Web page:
And further,
 $(b):$ when a white ball is picked, calculate the probability that the unknown urm behind the curtain is $U_1$!

We would like to remark as follows.
 $\bullet$ in the above problem, the term "subject probability" is not used.

Answer: Asssume that the state space$\Omega=\{\omega_1, \omega_2\}$ is defined by the discrete metric with the following measure $\nu$: \begin{align} \nu(\{ \omega_1 \})=1, \qquad \nu(\{ \omega_2 \})=1 \tag{9.5} \end{align} Thus, we start from the clasical basic structure: \begin{align} [C_0(\Omega) \subseteq L^\infty (\Omega, \nu ) \subseteq B(L^2 (\Omega, \nu ))] \tag{9.6} \end{align}

in which we consider the mixed measurement ${\mathsf M}_{{L^\infty (\Omega) }} ({\mathsf O} {{=}}$ $( \{ W,$ $B \},$ $2^{\{ W, B \} } ,$ $F) , S_{ [{}{\ast}]}{(w)})$. Here, the observable ${\mathsf O}_{WB} = ( \{ W, B \}, 2^{\{ W, B \} } , F_{WB})$ in $L^\infty (\Omega)$ is defined by

\begin{align} & [F_{WB}(\{ W \})](\omega_1)= 0.8, & \quad & [ F_{WB}(\{ B \})](\omega_1)= 0.2 \nonumber \\ & [F_{WB}(\{ W \})](\omega_2)= 0.4, & \quad & [F_{WB}(\{ B \})] (\omega_2)= 0.6 \tag{9.7} \end{align}

Also,the mixed state $w_0 \in L^1_{+1}(\Omega , \nu )$ is defined by

\begin{align} w_0(\omega_1 ) = p, \qquad w_0(\omega_2)=1-p \tag{9.8} \end{align}

Then, by Axiom$^{(m)}$1 ( in $\S$9.1), we see

 $(a):$ the probability that a measured value $x$ $(\in \{ W , B \})$ is obtained by ${\mathsf M}_{{L^\infty (\Omega) }} ({\mathsf O} {{=}}$ $( \{ W,$ $B \},$ $2^{\{ W, B \} } ,$ $F) , S_{ [{}{\ast}]}{(w)})$ is given by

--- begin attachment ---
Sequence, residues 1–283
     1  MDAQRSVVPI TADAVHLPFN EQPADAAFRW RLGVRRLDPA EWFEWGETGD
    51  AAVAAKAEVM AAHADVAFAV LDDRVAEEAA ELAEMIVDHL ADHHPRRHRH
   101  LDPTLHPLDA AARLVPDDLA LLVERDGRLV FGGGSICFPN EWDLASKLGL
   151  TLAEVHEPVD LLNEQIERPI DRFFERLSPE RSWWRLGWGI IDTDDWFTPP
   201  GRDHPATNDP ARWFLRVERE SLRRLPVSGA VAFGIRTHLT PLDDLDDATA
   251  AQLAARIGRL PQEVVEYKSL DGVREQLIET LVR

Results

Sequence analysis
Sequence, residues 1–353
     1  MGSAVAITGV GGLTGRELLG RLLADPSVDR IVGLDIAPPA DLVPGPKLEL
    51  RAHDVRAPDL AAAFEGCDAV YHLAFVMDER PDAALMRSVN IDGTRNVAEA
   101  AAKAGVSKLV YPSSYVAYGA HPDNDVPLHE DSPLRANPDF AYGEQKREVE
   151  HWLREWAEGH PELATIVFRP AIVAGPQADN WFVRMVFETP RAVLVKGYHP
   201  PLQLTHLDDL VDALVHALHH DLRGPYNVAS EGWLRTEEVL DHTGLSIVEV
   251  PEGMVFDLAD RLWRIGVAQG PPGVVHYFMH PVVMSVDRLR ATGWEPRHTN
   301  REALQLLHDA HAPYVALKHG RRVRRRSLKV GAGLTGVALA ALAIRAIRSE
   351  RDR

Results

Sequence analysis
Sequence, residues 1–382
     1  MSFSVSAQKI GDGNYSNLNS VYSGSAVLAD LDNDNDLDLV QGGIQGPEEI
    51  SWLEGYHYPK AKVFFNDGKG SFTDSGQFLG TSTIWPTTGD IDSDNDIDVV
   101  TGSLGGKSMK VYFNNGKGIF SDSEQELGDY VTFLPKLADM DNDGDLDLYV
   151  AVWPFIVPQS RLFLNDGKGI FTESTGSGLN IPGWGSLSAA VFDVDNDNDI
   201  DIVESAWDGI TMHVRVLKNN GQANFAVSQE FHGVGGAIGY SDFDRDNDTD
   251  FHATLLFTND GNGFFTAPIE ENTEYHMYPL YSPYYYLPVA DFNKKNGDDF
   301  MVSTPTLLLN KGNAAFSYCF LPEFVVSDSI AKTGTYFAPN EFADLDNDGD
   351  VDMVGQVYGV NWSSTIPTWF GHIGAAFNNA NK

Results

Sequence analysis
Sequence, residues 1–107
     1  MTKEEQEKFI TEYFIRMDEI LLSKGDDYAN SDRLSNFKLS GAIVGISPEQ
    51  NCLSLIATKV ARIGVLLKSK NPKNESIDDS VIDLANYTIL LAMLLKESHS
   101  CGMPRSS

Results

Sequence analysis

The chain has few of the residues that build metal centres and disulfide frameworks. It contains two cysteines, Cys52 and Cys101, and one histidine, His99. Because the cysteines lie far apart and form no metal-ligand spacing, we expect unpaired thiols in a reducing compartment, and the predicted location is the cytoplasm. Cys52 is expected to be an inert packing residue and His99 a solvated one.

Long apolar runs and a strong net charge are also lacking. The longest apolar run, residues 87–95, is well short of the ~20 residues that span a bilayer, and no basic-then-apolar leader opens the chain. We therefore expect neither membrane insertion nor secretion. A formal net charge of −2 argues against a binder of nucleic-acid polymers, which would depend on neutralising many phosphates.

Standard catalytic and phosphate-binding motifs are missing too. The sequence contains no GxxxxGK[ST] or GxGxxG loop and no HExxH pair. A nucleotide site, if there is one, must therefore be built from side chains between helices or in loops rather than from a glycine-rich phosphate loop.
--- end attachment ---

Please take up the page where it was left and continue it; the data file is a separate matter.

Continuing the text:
\begin{align} P(\{ x \}) &= {}_{L^1(\Omega )} \big( w_0, F(\{x \}) \big)_{L^\infty(\Omega)} = \int_\Omega [F(\{ x \})]( \omega) \cdot w_0 (\omega) \nu(d \omega) \nonumber \\ & = p [F(\{ x \})](\omega_1) + (1-p) [F(\{ x \})](\omega_2) \nonumber \\ &= \left\{\begin{array}{ll} 0.8 p + 0.4 (1-p) \quad & (x=W{}\; \mbox{のとき}) \\ 0.2 p + 0.6 (1-p) \quad & (x=B{}\; \mbox{のとき}) \end{array}\right. \tag{9.9} \end{align}

The question (b) will be answered in Answer9.13.

${\square} \quad$

$\fbox{Note 9.1}$ The following question is natural. That is,
 $(\flat_1):$ In the above ($\sharp_1$) in Problem 9.5Problem, why is "the {possibility} that $[{}\ast{}] = {\omega_1}$ is $100p\%$ $\cdots$" replaced by "the probability that $[{}\ast{}] = {\omega_1}$ is $100p\%$ $\cdots$" ?
However, the linguistic interpretation says that
 $(\flat_2):$ there is no probability without measurements.
This is the reason why the term "probability" is not used in (i). However, from the practical point of view, we are not sensitive to the difference between "probability" and "possibility".

Example 9.6 [Mixed spin measurement ${\mathsf M}_{B({\mathbb C}^2)} ({\mathsf O}=(X= \{ \uparrow, \downarrow \} ,{2}^X, F^z ) , {\overline S}_{[\ast]} (w) )$]

Consider the quantum basic structure: \begin{align} [{\mathcal C}({\mathbb C}^2) ( = B({\mathbb C}^2) ) \subseteq B({\mathbb C}^2) \subseteq B({\mathbb C}^2)] \end{align}

And consider a particle $P_1$ with spin state $\rho_1=|a \rangle \langle a|$ $\in$ ${\frak S}^p(B({\mathbb C}^2))$, where

\begin{align} a= \left[\begin{array}{l} \alpha_1 \\ \alpha_2 \end{array}\right] \in {\mathbb C}^2 \quad (\mbox{ }\|a \|= (|\alpha_1|^2+ |\alpha_2|^2)^{1/2}=1) \end{align}